Assembly Language Crash Course 1
Hey. So today we will work on assembly language.
Assembly Language is just translated binary or machine code.
An example of this would be to write out
5 in binary you would write
0101 but in assembly it’s just
It is very dependent on an understanding of computer science, but I will hold your hand throughout all that.
Anyway sit back, relax, and get ready to learn.
To start off we will learn a bit about the CPU.
At its core the cpu consists of some basic parts.
- CPU Registers
- Arithmetic and Logic Unit
Every clock cycle the CPU gets an instruction from RAM and executes it.
RAM is random access memory.
What is memory?
Memory or registers is just a place that holds data.
This data is in the form of binary.
Anyway let’s get our programming environment set up.
To program you can use this or a real assembler.
A good real assembler is NASM and it’s my assembler of choice.
Today we will be using x86 32-bit NASM running either in the website or on your computer.
To install NASM go here and install the latest version for your operating system.
Unless you are on Linux look up the corresponding NASM tutorial for your OS.
But here’s is a quick tutorial for Linux.
Type this into your terminal to compile:
Replace the *s with your file name.
Then type this to link:
Replace the *s with your file name.
Then type this to run in your current directory:
Replace the * with your file name.
Anyway we can finally start coding!
If your are using NASM open a file with a
.asm extension in your text editor of choice. Then in a terminal type
cd <path to your file> if you are on Mac or Linux. If you are on Windows type
chdir <path to your file>.
If you are on the website this is all abstracted from you. But you must clear the pre-generated code on the website.
Section 1: moving values into registers.
Then type this in either your text file or the website:
If you run it you get nothing as output.
Well let’s break down the program.
The global declaration at the top is declaring the entry point for our program.
_start: is a label, used to split up our code.
mov is a keyword used to tell the computer that we want to move a value into a register.
eax is a general purpose register.
1, well you know what 1 is.
So in turn the syntax for
mov <destination>, <value>
For just a second let’s talk about Cpu registers.
Take a look at the figure below:
It is a cut-down cpu memory map.
I don’t expect you to even grasp most of this yet but what I do want you to understand is that we will be using 4 general purpose registers quite often.
Anyway back to the code!
The mov command is very useful.
And it can be used in conjunction with other commands to produce great things.
And this brings us to our next section.
Section 2: basic interrupts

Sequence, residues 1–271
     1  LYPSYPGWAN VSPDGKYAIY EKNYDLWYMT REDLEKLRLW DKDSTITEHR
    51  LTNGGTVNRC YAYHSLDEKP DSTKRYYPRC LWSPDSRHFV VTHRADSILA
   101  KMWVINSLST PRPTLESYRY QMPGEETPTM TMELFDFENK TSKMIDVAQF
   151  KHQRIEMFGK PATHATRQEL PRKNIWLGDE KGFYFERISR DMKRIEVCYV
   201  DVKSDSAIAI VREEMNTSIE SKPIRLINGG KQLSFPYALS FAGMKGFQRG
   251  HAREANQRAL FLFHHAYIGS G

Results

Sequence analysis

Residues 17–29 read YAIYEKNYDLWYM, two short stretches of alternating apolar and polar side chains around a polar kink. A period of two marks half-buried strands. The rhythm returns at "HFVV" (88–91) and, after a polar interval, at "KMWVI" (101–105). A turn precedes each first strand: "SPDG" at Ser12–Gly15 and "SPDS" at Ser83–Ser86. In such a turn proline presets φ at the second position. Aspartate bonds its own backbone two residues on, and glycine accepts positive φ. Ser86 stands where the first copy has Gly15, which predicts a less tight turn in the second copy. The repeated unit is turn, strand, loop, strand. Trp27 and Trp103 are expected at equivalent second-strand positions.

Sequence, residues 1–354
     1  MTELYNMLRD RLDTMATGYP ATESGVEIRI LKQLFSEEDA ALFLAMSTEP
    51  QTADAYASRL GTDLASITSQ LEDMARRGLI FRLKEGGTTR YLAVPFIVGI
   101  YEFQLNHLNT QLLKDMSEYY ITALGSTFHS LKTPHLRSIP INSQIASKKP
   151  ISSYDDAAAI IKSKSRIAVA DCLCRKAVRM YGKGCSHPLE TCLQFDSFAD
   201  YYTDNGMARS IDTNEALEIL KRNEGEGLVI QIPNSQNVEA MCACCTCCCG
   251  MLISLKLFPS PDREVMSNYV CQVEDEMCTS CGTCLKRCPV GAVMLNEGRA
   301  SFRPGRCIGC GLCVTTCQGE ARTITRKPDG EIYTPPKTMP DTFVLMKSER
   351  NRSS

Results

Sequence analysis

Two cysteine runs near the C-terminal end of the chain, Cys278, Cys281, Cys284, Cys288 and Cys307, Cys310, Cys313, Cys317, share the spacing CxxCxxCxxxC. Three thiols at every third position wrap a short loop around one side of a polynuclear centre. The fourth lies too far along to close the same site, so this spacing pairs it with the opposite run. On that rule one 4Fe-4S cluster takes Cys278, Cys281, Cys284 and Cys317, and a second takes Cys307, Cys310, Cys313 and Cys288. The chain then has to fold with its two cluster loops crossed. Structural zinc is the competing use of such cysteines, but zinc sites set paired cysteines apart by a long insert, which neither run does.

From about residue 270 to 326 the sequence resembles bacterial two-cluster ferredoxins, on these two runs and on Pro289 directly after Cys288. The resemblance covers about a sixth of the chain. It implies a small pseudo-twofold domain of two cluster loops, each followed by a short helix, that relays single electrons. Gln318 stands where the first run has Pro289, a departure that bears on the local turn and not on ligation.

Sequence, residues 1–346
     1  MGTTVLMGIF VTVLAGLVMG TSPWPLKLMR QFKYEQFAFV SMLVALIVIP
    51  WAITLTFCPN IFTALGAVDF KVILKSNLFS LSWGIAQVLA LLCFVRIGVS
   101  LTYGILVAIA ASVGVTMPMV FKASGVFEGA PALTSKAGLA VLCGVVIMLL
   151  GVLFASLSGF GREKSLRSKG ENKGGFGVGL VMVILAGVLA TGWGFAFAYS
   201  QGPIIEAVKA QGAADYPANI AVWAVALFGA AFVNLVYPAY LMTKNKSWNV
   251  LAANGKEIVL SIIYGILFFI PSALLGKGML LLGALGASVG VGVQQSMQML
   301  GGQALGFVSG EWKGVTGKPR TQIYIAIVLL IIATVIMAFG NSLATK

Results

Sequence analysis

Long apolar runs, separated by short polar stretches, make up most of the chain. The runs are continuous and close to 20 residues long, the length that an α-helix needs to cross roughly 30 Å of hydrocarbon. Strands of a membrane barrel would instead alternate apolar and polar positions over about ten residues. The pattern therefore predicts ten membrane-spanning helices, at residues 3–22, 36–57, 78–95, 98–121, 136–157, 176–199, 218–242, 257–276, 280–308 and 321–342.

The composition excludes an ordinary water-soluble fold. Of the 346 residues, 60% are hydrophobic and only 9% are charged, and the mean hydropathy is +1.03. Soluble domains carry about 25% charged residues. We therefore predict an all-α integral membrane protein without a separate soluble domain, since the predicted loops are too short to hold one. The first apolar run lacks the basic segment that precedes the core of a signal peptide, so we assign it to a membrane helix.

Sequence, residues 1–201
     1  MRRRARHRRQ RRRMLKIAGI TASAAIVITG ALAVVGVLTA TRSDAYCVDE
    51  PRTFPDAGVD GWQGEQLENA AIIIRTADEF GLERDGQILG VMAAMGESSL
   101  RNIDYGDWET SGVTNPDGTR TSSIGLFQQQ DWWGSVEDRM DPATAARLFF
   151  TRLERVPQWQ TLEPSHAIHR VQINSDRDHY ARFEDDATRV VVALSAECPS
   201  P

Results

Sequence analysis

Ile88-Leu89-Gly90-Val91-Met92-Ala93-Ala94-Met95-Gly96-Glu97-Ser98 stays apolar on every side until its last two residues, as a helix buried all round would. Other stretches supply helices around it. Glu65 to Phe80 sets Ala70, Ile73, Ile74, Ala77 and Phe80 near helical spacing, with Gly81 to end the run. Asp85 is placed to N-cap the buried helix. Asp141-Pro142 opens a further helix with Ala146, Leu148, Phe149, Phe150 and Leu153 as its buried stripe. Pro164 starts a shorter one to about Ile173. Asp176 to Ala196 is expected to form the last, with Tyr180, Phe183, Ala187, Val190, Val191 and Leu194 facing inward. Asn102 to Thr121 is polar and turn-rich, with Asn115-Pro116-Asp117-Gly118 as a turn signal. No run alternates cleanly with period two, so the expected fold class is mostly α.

Type out this code in either a new file or clear out the code you wrote on the website and write this.
What does this
int 0x80 mean?
int tells the compiler that we want to perform a system interrupt (not create a variable).
0x80 is a hexadecimal code for a basic interruption.
Values starting with
0x are hexadecimal.
Why are we moving values into
The value in
eax is the code for the type of interruption we want to perform. This is not the case for different interruption codes.
It just so happens that this
1 is the code to exit the program.
This interrupt is dependent on
ebx because that is the exit code.
0 is the exit code that everything ran fine. This doesn’t effect the program at all but it can be used for debugging.
Anyway that is it for the most basic of interrupts.
Section 3: the text and data sections.
An assembly program has 3 sections and one of them is the data section.
Take a look at this program.
The code we have written so far can go in the text section or where our code goes.
The definition of constant pointers go in the data section.
A constant is a value that can not change.
A pointer is a beta-variable. It points to an address in memory.
What is the
db is a data size, typically 2 bytes long.
There is many more sizes. But we will worry about those later.
msg is the name of the pointer.
0x0a is a hexadecimal code used to represent a newline character or ‘\n’.
Farewell until part 2!
Anyway that is it for part 1 of the crash course upvote and give feedback.
An example of this would be to write out 5 in binary you would write 0101, but in assembly, it’s just 5.
But isn't binary often stored in ASCII, by bytes? Thus 5 would be 5, not 4 separate bytes to represent that number? That would mean
-1u128 would take up 128 bytes, and not fit all into 16 bytes or less?
With NASM on Windows, I believe you also need GCC installed. Theoretically, you'd run
nasm -f win32 *.asm then run
gcc *.obj. Haven't tried it yet, just thought I'd mention it.
I will admit that it seems a bit sudden to learn interrupts in the very first tutorial, but I mean it works so idk if that's even helpful statment anyways that's my feedback thanks for making the series! :)